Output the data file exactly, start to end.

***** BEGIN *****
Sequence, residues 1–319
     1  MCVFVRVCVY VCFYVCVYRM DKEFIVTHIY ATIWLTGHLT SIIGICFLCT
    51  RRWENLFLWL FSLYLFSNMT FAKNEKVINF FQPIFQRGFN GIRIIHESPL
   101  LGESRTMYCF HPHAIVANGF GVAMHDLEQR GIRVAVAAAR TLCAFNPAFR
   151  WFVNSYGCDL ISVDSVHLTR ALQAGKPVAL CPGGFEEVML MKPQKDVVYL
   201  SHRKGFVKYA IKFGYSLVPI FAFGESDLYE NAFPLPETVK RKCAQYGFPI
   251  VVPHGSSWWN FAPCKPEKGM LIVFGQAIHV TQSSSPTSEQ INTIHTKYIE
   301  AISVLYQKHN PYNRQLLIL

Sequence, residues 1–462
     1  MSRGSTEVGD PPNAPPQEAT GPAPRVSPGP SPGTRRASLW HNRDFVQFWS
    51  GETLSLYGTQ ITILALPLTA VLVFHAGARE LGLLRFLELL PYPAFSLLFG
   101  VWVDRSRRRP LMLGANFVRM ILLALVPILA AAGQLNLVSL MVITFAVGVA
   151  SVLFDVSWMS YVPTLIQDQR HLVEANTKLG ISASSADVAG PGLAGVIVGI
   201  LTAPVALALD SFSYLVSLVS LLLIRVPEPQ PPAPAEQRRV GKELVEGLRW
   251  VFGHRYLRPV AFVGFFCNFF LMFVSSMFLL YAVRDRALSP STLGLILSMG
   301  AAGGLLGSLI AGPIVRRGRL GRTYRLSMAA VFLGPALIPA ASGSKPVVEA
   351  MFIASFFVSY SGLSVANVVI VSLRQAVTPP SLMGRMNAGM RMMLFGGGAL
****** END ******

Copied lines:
Sequence, residues 1–319
     1  MCVFVRVCVY VCFYVCVYRM DKEFIVTHIY ATIWLTGHLT SIIGICFLCT
    51  RRWENLFLWL FSLYLFSNMT FAKNEKVINF FQPIFQRGFN GIRIIHESPL
   101  LGESRTMYCF HPHAIVANGF GVAMHDLEQR GIRVAVAAAR TLCAFNPAFR
   151  WFVNSYGCDL ISVDSVHLTR ALQAGKPVAL CPGGFEEVML MKPQKDVVYL
   201  SHRKGFVKYA IKFGYSLVPI FAFGESDLYE NAFPLPETVK RKCAQYGFPI
   251  VVPHGSSWWN FAPCKPEKGM LIVFGQAIHV TQSSSPTSEQ INTIHTKYIE
   301  AISVLYQKHN PYNRQLLIL

Sequence, residues 1–462
     1  MSRGSTEVGD PPNAPPQEAT GPAPRVSPGP SPGTRRASLW HNRDFVQFWS
    51  GETLSLYGTQ ITILALPLTA VLVFHAGARE LGLLRFLELL PYPAFSLLFG
   101  VWVDRSRRRP LMLGANFVRM ILLALVPILA AAGQLNLVSL MVITFAVGVA
   151  SVLFDVSWMS YVPTLIQDQR HLVEANTKLG ISASSADVAG PGLAGVIVGI
   201  LTAPVALALD SFSYLVSLVS LLLIRVPEPQ PPAPAEQRRV GKELVEGLRW
   251  VFGHRYLRPV AFVGFFCNFF LMFVSSMFLL YAVRDRALSP STLGLILSMG
   301  AAGGLLGSLI AGPIVRRGRL GRTYRLSMAA VFLGPALIPA ASGSKPVVEA
   351  MFIASFFVSY SGLSVANVVI VSLRQAVTPP SLMGRMNAGM RMMLFGGGAL